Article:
Carolyn White: Living the Good Life 3-7-11
My beloved little Quarter Horse, Dixie, turns 26 this month, which means that we have been traveling together now for nearly 25 years. I wish I had a nickel for every mile that we’ve covered – many thousands of them by now – and every adventure that we’ve shared along the way. Aside from being the sweetest, smartest, and most dependable animal that I’ve ever known, she has also been my greatest equine teacher.
I first saw Dixie as a yearling in 1986 after she’d been dragged onto the isolated Idaho guest ranch where I was working. Wild as a March hare after running free with a herd, she was standing in the holding pen, where half a dozen of us peered curiously at her through the rails. She was so unkempt and homely that the boss and crew immediately began joking about using her for bear bait. I disagreed with them. There was something really special about the filly’s soft, quiet eyes and I spontaneously asked if I could have her. It paid off, for by the time she’d turned three she’d grown sleek and stocky with a long, luxurious tail and a rich auburn coat. Never judge a book by its cover was the first lesson that I learned.
Dix taught me another later that year, after we’d been assigned to check on various hunting camps. Returning to the lodge after our first day out, we ran into one of the guides at an intersection along the trail. He had two loaded mules behind him. “Here! Take these elk quarters to the lodge! It’ll save me a trip,” he begged, tossing the lead rope. Dixie jumped when it slapped against her flank – and initially, she kept looking over her shoulder as if wondering why the mules were following so closely – but she soon settled down. Stay focused on the job at hand, she seemed to be thinking.
Dix loved to be in the lead no matter how many others were in the group. Shortly after I’d moved closer to town, we participated in an 8-hour trail ride with four other women, all of them towering over us on long-legged geldings. Squeezing out in front, my mare managed to keep such an even, unwavering walk that the boys had to trot to keep up with her. (Out of that experience came Stay steady and pace yourself.) If there was any wildlife hidden within the pine trees, Aspen groves, or Huckleberry brush, she’d zero right in. (Pay attention … you never know what’s up ahead.) And the morning that I pushed her into easing down a steep, high-sided path into a murky stream, I got one of her strongest messages ever: Never allow anyone to force you into doing something that you know is dangerous.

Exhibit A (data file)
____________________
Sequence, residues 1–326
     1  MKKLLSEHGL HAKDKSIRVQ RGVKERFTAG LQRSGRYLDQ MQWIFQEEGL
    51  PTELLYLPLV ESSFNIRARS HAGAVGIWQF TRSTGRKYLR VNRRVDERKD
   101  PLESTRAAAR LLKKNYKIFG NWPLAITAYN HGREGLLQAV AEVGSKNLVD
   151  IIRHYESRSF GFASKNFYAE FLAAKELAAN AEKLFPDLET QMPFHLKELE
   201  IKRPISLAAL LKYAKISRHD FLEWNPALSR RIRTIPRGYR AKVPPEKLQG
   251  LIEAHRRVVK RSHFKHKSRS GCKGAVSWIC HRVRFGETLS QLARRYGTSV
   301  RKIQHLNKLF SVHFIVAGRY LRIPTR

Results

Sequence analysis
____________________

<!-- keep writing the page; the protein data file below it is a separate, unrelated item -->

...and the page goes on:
The bank gave way the moment that we reached it, and suddenly Dixie was in water up to her chest. With her back legs still on solid ground, and me sitting at a 45 degree angle, it felt like we were going to be stuck in that precarious position forever. A long, tense minute passed during which Dixie initially took a drink before looking around to access the situation. Then, in a move that I’d thought could only be done by a Lipizzan stallion, she ever-so-slowly eased back on her haunches … pulled her front end out of the muck … pivoted gracefully in mid-air … dug both front hoof tips firmly into the earth … and with her muzzle to the dirt rapidly picked her way back up to where we’d started. She then stopped in the exact same spot where she had initially started resisting me.
Dixie tried to warn me again later when, tired of feeding all winter long, I decided one season to lease pasture on lower ground. For some reason, that day she did NOT want to get into the trailer, and once inside started pawing and shifting about so much that it rocked my pickup. When I stopped to check on things she was wild-eyed, shaking and covered with sweat. I took another walk around to make sure that the hitch was secure, the lights were working, and that no floor boards were sagging, but everything seemed okay. It wasn’t until after she’d been safely unloaded at the new place that one of the wranglers exclaimed, “Lady! Check out your rig!”
Stunned, I stared. The rubber on one of the right side tires had come completely unraveled during the last part of the trip: in fact, there was nothing left but a few wires and a rapidly deflating inner tube. Already, the trailer had started listing. “Good thing that didn’t blow while you were driving,” he added. Pay attention to the warning signals appeared sharply in my mind, and I was never to doubt Dixie’s common sense again.
Watching her out of my windows during other harsh, mountain winters of central Idaho, I often caught her standing alone in the blowing cold, patiently pawing under the snow for tidbits while other horses stood shivering in the lean-to. (Look after yourself; don’t depend on a hand out.) When the hay was tossed around, she stood aside from the initial kicking and biting, moving towards a convenient pile only after the chaos had settled. (Wait your turn.) And these days when we leisurely walk or trot across western Colorado’s Adobe desert, I find myself thinking relax and enjoy the ride. It’s something that I’ve been focusing on a lot lately … after all, Dixie won’t be around forever.
Regardless of an increasingly busy and stressful work schedule, I’ve been carving out more afternoons to be with her because it’s important to spend time with your loved ones. I can still hear the teasing that the crew tossed out when I insisted on keeping the then-scrawny filly, and often wish that those guys could see us now, 25 years later. I’M the one who has come out the winner, for I’ve gotten to grow older, and more importantly, wiser, with a truly wonderful saddle pal.
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